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Rapid scale up: microchip manufacturing equipment output

Upgrades to existing semiconductor plants and facilities are quick wins in closing the disproportionate gap between global supply and demand of microchips. Specialist clean technology teams are key to success.  

Expanding the capacity of a semiconductor plant that is still in full operation is like performing open-heart surgery due to the sensitive cleanroom environments. With high investment costs ranging between EUR 5-10 billion and long lead time for new build, expanding production in existing plants and upgrading facilities is the quickest route to closing the gap global microchip shortage.

Widespread  reliance on smart products, and hence for microchips, is unabated with a sharp upward trend on the back of the rapid commercialisation of artificial intelligence. Semiconductor manufacturing is among the most rapidly evolving industries in the world, with faster processing times and more features in new products.  

Keeping the show running 

Deerns has the deep domain knowledge to keep contaminants out of these working facilities, where even microscopic dust particles can interfere with the operation of miniscule chip components. There are exciting and unique challenges which we face together with our clients through to ensure that outdated facilities are future-proof in terms of capacity, quality, operational reliability and sustainability and that production continues.   This requires focus, a thorough approach, commitment, a strong and experienced project team used to consultation and coordination with production and facilities as well as Environment, Health and Safety departments. 

Case study: Fast tracked expansion 

Fast tracking the increase of production output was the obvious choice for a semiconductor manufacturer faced with resolving the tension between the unabated demand for microchips and long lead times for scale up. Installing more microchip manufacturing equipment was the easy part of the solution. Doing so in a shortened timeframe in a fully operational plant, already at full capacity, was however going to require specialist, smart and fast design and planning.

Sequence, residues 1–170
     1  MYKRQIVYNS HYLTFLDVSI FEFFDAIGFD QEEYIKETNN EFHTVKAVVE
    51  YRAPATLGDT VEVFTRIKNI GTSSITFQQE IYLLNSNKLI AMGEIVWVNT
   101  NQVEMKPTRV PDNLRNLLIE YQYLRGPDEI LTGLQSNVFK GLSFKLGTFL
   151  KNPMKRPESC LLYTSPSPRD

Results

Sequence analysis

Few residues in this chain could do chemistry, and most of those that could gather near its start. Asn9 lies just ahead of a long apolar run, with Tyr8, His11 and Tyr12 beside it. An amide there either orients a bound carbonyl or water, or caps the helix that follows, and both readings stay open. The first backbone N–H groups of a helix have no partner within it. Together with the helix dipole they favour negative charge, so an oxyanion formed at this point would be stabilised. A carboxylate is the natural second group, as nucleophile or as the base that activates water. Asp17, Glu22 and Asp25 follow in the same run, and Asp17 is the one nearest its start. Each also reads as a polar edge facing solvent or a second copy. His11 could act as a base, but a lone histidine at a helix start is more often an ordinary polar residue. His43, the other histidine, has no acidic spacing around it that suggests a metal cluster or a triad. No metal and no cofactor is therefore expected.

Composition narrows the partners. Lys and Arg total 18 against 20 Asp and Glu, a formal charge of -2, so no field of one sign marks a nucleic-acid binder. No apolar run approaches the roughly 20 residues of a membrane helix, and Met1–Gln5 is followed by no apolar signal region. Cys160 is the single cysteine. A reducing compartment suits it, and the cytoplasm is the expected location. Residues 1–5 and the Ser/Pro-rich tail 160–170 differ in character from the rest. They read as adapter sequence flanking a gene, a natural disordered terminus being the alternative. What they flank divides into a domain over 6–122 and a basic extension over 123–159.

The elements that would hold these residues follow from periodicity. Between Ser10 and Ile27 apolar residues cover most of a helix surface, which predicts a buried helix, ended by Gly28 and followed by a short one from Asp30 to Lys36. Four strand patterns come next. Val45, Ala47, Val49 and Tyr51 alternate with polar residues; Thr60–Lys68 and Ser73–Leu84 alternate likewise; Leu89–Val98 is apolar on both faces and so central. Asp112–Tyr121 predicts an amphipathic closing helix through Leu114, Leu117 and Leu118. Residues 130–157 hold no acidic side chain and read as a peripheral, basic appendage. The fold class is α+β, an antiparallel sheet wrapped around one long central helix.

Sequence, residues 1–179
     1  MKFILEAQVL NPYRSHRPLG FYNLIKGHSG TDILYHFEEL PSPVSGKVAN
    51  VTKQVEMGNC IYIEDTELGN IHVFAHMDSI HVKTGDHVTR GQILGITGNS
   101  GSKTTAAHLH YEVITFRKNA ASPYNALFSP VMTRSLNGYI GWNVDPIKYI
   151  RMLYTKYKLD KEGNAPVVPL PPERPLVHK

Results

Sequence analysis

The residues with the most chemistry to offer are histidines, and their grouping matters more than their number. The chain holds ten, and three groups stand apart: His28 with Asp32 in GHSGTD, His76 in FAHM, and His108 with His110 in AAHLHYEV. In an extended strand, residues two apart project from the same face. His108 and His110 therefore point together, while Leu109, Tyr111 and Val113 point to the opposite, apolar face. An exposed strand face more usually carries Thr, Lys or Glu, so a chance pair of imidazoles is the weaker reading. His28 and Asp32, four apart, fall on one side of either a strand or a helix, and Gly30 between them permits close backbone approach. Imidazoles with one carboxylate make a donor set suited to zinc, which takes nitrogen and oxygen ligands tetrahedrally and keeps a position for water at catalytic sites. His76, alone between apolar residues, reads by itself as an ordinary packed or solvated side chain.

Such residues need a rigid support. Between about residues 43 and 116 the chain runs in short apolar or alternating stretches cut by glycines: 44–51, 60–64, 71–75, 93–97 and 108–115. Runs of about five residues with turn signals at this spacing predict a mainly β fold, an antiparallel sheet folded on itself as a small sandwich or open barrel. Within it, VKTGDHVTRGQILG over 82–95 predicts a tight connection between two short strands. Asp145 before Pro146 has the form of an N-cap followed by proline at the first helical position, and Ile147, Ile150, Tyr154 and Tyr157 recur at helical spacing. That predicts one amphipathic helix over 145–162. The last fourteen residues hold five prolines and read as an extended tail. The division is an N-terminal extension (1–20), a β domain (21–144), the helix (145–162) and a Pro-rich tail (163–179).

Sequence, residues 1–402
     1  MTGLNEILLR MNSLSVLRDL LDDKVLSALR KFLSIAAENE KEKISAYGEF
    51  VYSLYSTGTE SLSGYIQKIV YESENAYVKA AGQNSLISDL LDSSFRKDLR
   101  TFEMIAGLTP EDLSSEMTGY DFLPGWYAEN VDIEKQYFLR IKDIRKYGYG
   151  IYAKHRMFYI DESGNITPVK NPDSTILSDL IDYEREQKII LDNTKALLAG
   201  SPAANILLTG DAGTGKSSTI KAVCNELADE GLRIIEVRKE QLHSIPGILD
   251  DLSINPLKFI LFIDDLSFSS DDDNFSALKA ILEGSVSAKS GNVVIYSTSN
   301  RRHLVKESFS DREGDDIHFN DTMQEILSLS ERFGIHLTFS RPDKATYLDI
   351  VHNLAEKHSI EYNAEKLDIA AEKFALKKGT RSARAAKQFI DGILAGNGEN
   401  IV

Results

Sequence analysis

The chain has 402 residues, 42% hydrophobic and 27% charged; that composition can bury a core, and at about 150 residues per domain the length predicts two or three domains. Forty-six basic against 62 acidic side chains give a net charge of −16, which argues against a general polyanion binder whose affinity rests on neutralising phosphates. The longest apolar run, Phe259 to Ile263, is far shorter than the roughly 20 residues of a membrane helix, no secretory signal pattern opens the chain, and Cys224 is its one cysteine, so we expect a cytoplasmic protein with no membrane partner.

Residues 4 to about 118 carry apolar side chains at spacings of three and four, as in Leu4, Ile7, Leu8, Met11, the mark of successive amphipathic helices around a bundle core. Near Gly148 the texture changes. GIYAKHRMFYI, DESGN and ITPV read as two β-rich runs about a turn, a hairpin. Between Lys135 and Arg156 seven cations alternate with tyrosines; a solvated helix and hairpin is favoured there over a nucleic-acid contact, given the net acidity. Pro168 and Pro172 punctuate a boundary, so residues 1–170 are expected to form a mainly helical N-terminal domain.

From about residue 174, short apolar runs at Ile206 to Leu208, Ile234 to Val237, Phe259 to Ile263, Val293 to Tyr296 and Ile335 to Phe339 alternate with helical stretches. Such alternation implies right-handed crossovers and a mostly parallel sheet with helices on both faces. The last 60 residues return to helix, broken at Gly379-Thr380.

Since this was first project of this magnitude with such a short lead time, the first step was to fast track a feasibility study in a workshop with Deerns, the client and main contractors. This turned out to be crucial not only for assessing the feasibility of the project, but also for keeping it on track. During the project, we faced several challenges, such as the impact of Covid-19, non-deliverable materials and delayed equipment delivery. We were working in a constant state of flux which brought moments of exasperation. Since we were all committed to making this a successful project, combined with the upfront team planning, we all started and ended the project with smiles on our faces.  

(High Purity) essential for microchip production 

Microchips are the most complex components in existence, requiring a highly sensitive manufacturing process. This involves hundreds of steps and uses all kinds of special gases and chemicals. Ultrapure water and operating High Purity materials chemicals are two of the important operating materials. Reliable quality, stable supply and purity are crucial for making highly complex component microchips. 

Ultra-pure water 

A microchip factory consumes 120 m³ of water in less than 60 minutes, depending on its size, compared to the same amount the average household uses about p.a. Balancing the high quality and supply demand in the entire system is key act from the purification process through to the pipe design. Ultra-pure water (UPW) is processed prior to and after each production step for the removal of residual products and contaminants, such as salts, minerals, metals and bacteria. Drinking water is reprocessed int a UPW polishing plant, and then distributed to consumers.  

Specialised team for high-purity chemical processes  

Microchip manufacturing involves a complex series of photolithographic and physical chemical processes involving harmful chemicals which can be irritating, corrosive, toxic and flammable.  Capacity expansions are often accompanied by more and new chemicals, introducing other risks to reduce and preferably eliminate.  Deerns ensure plant upgrade design complies with strict regulations across all facilities in the manufacturing process.  

Chemical Dispense Systems move chemicals from one place to another and form the backbone of the Wet Processing in the plant. In principle, the same considerations apply here as for UPW; that the system delivers the right chemicals to the machine at the right time, at the right quality and in the right quantity.  

Planning microelectronics production facilities requires specialist teams familiar with the various technical disciplines. At Deerns, we have the knowledge and expertise to understand the information required for this type of complex issue and arrive at Best-Fit Concepts using our holistic approach. Our consultants and  in our Process Critical Systems (PCS) group specialise in the Electronics and Life Sciences markets. We also work with specialist firms that build  installations which ensure quantity and high purity 24/7. 

Let’s talk

Vincent Jansen

Senior Project Manager